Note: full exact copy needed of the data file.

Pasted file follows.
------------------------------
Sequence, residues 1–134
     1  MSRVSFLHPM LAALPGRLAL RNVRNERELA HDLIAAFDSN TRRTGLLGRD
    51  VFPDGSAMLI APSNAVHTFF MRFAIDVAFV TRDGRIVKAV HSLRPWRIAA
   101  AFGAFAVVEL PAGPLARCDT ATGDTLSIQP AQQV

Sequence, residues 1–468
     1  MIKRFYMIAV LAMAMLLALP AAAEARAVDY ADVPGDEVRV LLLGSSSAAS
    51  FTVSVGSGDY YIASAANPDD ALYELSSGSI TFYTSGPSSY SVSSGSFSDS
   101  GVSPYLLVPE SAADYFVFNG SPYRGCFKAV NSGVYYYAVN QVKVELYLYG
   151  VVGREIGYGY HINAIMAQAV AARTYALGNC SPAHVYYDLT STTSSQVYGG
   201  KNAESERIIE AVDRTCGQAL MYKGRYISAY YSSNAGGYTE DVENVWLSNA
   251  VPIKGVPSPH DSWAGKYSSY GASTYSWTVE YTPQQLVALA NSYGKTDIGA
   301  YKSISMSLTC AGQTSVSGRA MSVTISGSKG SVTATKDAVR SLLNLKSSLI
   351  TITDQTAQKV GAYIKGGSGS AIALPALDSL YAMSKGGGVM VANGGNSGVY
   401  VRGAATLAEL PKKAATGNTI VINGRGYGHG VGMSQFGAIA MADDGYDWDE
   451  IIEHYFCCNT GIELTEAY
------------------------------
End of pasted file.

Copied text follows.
Sequence, residues 1–134
     1  MSRVSFLHPM LAALPGRLAL RNVRNERELA HDLIAAFDSN TRRTGLLGRD
    51  VFPDGSAMLI APSNAVHTFF MRFAIDVAFV TRDGRIVKAV HSLRPWRIAA
   101  AFGAFAVVEL PAGPLARCDT ATGDTLSIQP AQQV

Sequence, residues 1–468
     1  MIKRFYMIAV LAMAMLLALP AAAEARAVDY ADVPGDEVRV LLLGSSSAAS
    51  FTVSVGSGDY YIASAANPDD ALYELSSGSI TFYTSGPSSY SVSSGSFSDS
   101  GVSPYLLVPE SAADYFVFNG SPYRGCFKAV NSGVYYYAVN QVKVELYLYG
   151  VVGREIGYGY HINAIMAQAV AARTYALGNC SPAHVYYDLT STTSSQVYGG
   201  KNAESERIIE AVDRTCGQAL MYKGRYISAY YSSNAGGYTE DVENVWLSNA
   251  VPIKGVPSPH DSWAGKYSSY GASTYSWTVE YTPQQLVALA NSYGKTDIGA
   301  YKSISMSLTC AGQTSVSGRA MSVTISGSKG SVTATKDAVR SLLNLKSSLI
   351  TITDQTAQKV GAYIKGGSGS AIALPALDSL YAMSKGGGVM VANGGNSGVY
   401  VRGAATLAEL PKKAATGNTI VINGRGYGHG VGMSQFGAIA MADDGYDWDE
   451  IIEHYFCCNT GIELTEAY